Yes, music matters – music saved my life. No question.
“When did you write your first lyrics/music and how different is it from the lyrics/music you are writing today? How did your style develop or evolve?”
I’ve been watching that Great Songwriters TV show on one of the Sky channels, Sky Documentaries, I think it was, [it was, available on NOW TV] Chuck D has always been a songwriter I greatly admired.
He says he starts with a title then fills in the blanks – I’ve caught myself doing that before. I find it easier to come up with a melody the filling in the blanks with lyrics. Having a terrific piece of music already written helps with solving the rest of the rest of the puzzle, in my experience.
“Is collaboration a part of your whole creative process or do you write songs individually first and then collaborate on refining the song?”
Twelve Caesars is all about the collaboration between me, the songwriter, and the music producer, Steve Ennever.
I always joke to friends that I’m the guy with the beaten up acoustic guitar and a pair of cymbals strapped to his knees and Steve is the guy that makes it part way listenable.
I’m of the opinion that Steve Ennever is a towering musical genius but I would say that, wouldn’t I?
[Andrew and Steve]
“Which kind of music/ artists do you enjoy listening to and how has that shaped your own music/sound? If a band, maybe something along the line: do you (band members) share the same music tastes or differ in tastes and how has that shaped your band’s sound?”
My influences are XTC, Jimi Hendrix, Beach Boys, Miles Davis, Pixies, Joni Mitchell, Hüsker Dü, Thomas Dolby, Curtis Mayfield.
Steve’s are Blue Nile, Ayub Ogada, Free, Martha Reeves, Talk Talk, Elias & His Zigzag Jive Flutes.
We find plenty of common ground – our music will always be shaped by our influences.
“If you could share the stage with one artist, of the past or present, who would that be and why.”
Donna Summer, she has one of those voices, like cut glass.
“If you were granted a short audience with the omnipotent being and could play them one track of yours – so that they would know who you are (in that moment) – what track would that be?”
The Fall of Here & Now was written about the three day war in Heaven. I’d like to know how close I got to l’actualité
“What is the best performance you’ve ever seen by another musician?”
Motörhead at the Portsmouth Guildhall in April 1982. The first gig I ever went to, aged 13. I honestly haven’t seen a better one since.
“What’s your opinion on the impact of music festivals like Coachella and Glastonbury on the industry, and what role do they play in shaping music culture?”
I was performing comedy in the Theatre tent in Glastonbury 1993 – I remember it for being the Rage At The Latrines year after the Rage At The Machine gig. Black Crowes were superb that year. Then the comedy tent proper in 2000 – Willie Nelson was the go to guy on the main stage.
I can’t honestly say they played a significant role in shaping my music culture. All I ever did when I was there was survive long enough to get away in one piece and make it home.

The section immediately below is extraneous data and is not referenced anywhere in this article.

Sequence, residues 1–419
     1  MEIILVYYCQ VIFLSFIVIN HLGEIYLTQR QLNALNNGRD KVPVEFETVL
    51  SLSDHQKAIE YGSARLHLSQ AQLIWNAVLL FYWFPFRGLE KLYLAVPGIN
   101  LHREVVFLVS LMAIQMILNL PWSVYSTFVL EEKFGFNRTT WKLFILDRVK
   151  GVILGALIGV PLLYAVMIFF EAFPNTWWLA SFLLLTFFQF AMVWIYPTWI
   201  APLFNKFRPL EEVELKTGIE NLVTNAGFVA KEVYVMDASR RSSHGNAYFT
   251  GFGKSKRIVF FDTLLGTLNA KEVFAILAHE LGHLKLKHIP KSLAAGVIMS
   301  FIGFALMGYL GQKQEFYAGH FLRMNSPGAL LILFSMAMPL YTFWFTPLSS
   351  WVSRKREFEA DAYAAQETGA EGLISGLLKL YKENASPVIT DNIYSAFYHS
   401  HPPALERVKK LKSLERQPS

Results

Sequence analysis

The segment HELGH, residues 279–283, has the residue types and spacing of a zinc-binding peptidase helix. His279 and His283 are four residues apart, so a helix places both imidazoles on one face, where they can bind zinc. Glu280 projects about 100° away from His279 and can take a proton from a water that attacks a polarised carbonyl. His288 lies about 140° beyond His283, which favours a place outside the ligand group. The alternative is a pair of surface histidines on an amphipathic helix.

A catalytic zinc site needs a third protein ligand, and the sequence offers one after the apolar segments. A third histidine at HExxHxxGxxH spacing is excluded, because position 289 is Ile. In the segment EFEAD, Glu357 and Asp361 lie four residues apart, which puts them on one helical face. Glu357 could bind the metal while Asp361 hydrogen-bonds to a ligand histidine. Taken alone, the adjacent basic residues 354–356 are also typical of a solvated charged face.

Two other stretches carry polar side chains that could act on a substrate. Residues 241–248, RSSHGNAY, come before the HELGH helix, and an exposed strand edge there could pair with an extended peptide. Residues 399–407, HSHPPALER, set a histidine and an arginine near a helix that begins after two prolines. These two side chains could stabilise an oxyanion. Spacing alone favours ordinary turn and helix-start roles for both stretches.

“What is your favorite lyric from one of your own songs?”
“Breathe it in, Spit it out; you’re a lost soul longing to know its whereabouts.
Fan the flames, mesmerised; all that prejudice knows is the hatred it sows brought to life.”
“What is your favorite album cover of all time?”
Cream’s classic 1967 album Disraeli Gears
“What is your favorite music-related documentary?”
“What is your favorite music-related book?”
Tunesmith – The Art Of Songwriting by Jimmy Webb
“What would you be doing right now, if it wasn’t for your career in music?”
Stand Up Comedy
“How do you define success as an artist? Is it based on commercial success, critical acclaim, or something else?”
Frank Zappa was asked why he had recorded a particular piece. I remember him saying that the reason he recorded any piece of music was because he wanted to hear it. If he put it down on a record or a CD and someone else wanted to buy it, all well and good.
I define success by being happy with what I’ve achieved.
If anybody else does, that’s great too.
“Tell us about your writing and recording process, what instruments, software or hardware do you use?”
Cakewalk & RME AD/DA converters. PMC monitors. Summit & Chandler Mic Pre-Amps. Audio & Design Express Limiter. Nueman, AKG, Calrec, Dachman, TZ, SE, Shure & Crown PZM microphones. A plethora of software plug-ins too numerous to mention.
“How do you approach experimenting with new sounds or styles in your music without alienating your fanbase?”
Let’s call it ‘experimenting with new ideas. In this context while recording, ideas for new parts/sounds within sections or throughout the song are obviously put forward.
If Steve Ennever, as producer, have not dismissed them, then we’ll do everything to mould that idea to fit the atmosphere of the track. Ultimately it’s the song that has the last word whether it works or not
“What’s your opinion on the relationship between art and politics? Should artists be political or keep their work apolitical?”
It’s a choice.
Nile Rodgers says don’t. Chuck D, I assume, would take a different approach. Berry Gordy famously held back Marvin Gaye’s ‘What’s Going On’ “Put it out or I’ll never record for you again” was the great man’s response.
Art should imitate life and, sometimes, life is politics.
“Can you talk about any mentors or influential figures in your life who have helped shape your career?”
Jo Wallace at Ramrock Records – I owe her everything.
“Jo is actually the next artist to feature ‘In the Spotlight’ coming soon”